Haydn * D Scarlatti: 'Chiaro E Scuro'

By Kennicott, Philip | Gramophone, September 2015 | Go to article overview

Haydn * D Scarlatti: 'Chiaro E Scuro'


Kennicott, Philip, Gramophone


Haydn * D Scarlatti 'Chiaro e scuro'

Haydn Piano Sonatas--No 13, HobXVI/6; No 38, HobXVI/23; No 39, HobXVI/24; No 50, HobXVI/37. Divertimento, HobXIV/10 D Scarlatti Keyboard Sonatas--Kk128; Kk342; Kk425; Kk432; Kk495

Olivier Cave pf Aeon (F) AECD1545 (80' * DDD)

This is a thoroughly satisfying essay on the possibilities of a connection between the keyboard works of Joseph Haydn and Domenico Scarlatti. Geographically, and chronologically, the possibility that Scarlatti influenced Haydn seems at first remote. Haydn was born in 1732 and by 1733 Scarlatti was installed in Madrid, music master to Princess Maria Barbara. But while the bulk of Scarlatti's sonatas were not published at the time, some of them certainly travelled and were widely admired, and in a cogent booklet essay, Elaine Sisman argues for multiple vectors whereby the binary-form works of the Italian master may have made their way under the nose of the young Austrian composer: through the poet and librettist Metastasio, the composer and singing teacher Porpora and the celebrated castrato Farinelli, among others, including lesser-known musical savants who circulated throughout Europe and had contact with Haydn in Vienna.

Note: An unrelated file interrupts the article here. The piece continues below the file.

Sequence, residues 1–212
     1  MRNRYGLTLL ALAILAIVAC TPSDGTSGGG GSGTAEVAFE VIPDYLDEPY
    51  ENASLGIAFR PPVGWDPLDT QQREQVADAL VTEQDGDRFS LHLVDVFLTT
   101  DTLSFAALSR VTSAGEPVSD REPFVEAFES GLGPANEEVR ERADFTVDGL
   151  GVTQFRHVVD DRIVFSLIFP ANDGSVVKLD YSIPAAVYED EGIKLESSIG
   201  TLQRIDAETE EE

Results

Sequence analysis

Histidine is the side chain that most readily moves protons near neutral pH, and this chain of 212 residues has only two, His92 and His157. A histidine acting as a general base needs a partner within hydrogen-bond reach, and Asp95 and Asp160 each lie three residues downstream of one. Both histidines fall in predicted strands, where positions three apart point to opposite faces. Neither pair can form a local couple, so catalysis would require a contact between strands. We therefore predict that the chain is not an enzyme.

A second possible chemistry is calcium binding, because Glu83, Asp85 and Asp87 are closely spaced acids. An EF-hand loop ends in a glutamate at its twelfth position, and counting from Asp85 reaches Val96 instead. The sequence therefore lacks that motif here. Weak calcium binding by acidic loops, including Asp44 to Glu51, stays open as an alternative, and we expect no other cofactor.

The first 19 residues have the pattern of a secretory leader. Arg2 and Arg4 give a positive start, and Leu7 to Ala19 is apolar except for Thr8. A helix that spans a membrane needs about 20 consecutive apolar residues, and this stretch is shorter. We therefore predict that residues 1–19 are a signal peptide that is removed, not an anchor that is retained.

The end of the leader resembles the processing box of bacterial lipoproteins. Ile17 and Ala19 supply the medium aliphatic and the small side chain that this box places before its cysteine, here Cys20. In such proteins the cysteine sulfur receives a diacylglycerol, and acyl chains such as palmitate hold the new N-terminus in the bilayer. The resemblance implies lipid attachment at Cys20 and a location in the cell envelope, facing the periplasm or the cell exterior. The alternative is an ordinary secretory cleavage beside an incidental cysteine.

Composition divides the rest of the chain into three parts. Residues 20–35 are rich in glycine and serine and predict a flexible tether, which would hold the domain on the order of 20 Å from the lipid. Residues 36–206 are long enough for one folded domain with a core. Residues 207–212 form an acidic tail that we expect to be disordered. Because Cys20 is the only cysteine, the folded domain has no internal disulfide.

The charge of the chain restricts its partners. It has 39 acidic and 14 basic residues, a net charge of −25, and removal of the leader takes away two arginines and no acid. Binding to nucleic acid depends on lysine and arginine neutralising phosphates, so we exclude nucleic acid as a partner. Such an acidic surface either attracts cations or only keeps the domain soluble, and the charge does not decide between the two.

Even sceptics, however, will be convinced by Olivier Cave's compelling musical demonstration of harmonic, textural, inventive and temperamental affinities between the two musicians. Sudden changes to the minor key, striking contrasts in the thickness of sonority, irregular phrases and periodicity, and a shared indulgence of pure eccentricity recur throughout the works of both composers, who are each represented by five works (three sonatas, a partita and divertimento by Haydn, and five sonatas by Scarlatti). …

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